Saturday, August 18, 2007

My first political thought

As I draw close to the end of the most intriguing history of independent India's democracy, I feel the urge to express my political thoughts, or rather meta-thoughts. And, as a believer in democracy, I desire to express it within the purview of law and morality. For long, I have felt that politics of our country has not yet touched my life, or my limited horizon of thought, but this book has hugely succeeded in changing that outlook. Although, I am not yet convinced about the exact ways in which this country's administration and policies are affecting me, for better or worse, I am finding it more encouraged to at least think about it.

By far, the chapter "Rulers" in the concluding part of Ramchandra Guha's India After Gandhi ranks at the top of my favourites. This chapter overviews the various rulers this country has seen, and without no doubt deals a definite impact on the reader.
"The Great German sociologist Marx Weber once remarked that 'there are two ways of making politics one's vocation: Either one lives "for" politics or one lives "off" it. The first generation of Indian leaders lived mostly for politics. They were attracted by the authority they wielded, but also often motivated by a spirit of service and sacrifice. The current generation of Indian politicians, however, are more likely to enter politics to live off it. They are attracted by the power and prestige it offers, and also by the opportunities for financial reward. Control over state machinery, they know, can bestow glittering prizes upon those in charge. (page 682)
I can't help but believe that the power to govern the people, the power that shapes their future for better or worse, is so close to the famous villain of the Lord of the Rings. The One Ring of power could summon all evil in the world and could destroy even the best of human (or Hobbit) spirit. This villainous spirit could be the best (!) villain that an author can come up with, since it's a self destructing spirit. There is no way the ring can be mastered (except by the Dark Lord himself), there is no hope that the ring can work positive wonders for the peoples of the middle earth.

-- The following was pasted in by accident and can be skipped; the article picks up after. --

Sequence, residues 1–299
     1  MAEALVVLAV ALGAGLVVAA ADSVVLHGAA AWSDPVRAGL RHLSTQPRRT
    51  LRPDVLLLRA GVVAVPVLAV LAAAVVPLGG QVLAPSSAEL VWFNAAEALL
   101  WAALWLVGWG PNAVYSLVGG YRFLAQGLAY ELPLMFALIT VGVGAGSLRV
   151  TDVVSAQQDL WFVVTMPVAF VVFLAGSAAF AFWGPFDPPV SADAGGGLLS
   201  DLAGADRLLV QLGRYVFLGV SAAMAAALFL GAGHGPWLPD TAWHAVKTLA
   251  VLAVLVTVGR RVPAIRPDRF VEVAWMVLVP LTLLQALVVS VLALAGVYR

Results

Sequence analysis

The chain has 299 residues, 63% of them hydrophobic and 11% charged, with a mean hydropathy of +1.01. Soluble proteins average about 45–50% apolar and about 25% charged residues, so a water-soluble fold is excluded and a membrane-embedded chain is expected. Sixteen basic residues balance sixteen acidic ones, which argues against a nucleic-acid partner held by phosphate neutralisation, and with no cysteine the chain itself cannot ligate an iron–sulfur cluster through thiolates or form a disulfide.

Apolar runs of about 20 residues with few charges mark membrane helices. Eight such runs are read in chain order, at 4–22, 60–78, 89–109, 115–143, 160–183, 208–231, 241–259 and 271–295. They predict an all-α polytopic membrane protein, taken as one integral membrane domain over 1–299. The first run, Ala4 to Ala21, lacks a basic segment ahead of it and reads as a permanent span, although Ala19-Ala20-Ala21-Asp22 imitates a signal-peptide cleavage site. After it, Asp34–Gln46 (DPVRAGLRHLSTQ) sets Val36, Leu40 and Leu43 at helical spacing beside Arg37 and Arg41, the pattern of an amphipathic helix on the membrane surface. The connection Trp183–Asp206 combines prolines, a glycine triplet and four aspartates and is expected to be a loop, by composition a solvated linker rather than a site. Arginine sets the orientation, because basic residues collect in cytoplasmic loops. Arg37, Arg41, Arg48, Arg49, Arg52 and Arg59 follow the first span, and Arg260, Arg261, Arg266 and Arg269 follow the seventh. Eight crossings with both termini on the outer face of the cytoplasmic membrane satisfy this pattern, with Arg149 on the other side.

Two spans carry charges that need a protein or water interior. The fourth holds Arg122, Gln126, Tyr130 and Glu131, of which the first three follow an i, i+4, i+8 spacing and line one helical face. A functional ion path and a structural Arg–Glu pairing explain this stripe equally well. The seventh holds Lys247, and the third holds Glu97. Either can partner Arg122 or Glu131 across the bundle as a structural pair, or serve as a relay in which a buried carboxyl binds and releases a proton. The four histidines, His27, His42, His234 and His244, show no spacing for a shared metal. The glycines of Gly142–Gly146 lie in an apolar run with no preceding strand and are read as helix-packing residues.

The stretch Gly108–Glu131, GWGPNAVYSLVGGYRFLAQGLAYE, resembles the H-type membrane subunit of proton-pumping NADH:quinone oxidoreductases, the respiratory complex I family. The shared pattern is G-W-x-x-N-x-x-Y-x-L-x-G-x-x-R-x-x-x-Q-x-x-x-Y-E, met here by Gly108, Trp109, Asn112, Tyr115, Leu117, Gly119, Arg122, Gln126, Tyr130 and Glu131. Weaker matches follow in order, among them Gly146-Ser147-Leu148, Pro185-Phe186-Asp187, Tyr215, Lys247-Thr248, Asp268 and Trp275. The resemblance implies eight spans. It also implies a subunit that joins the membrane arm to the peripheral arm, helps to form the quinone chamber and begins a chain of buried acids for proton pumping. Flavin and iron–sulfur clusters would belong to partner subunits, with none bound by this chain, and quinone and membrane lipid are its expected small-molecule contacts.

The urge for power, or the greed to succeed in politics, or personal political ambitions has so many parallels to the One Ring imagined by the genius of J R R Tolkein. Multitude of examples can be found by digging into the history in which individuals of noblest principles started their careers in order to bring greater good to the people they reported to. Over time, the power took over and the same individuals took to corruption, unconstitutional decisions and provocations appealing to caste, religion and race. The fantastic villain of Power within was at work, slowly eating away the tremendous good these people once possessed.

When independent India came into existence sixty years ago, the minds were fresh (although perhaps the bodies were tired of the freedom struggle) and willing to take on the renewed challenges upbringing of their country. The political leadership, though having some conflicts, was more or less aligned to work towards success of the country, which they realized was not near in sights, but had to be patiently waited for. The first generation of politicians was much better prepared to wait out that difficult period, it was much more patient and composed. Guha continues, taking us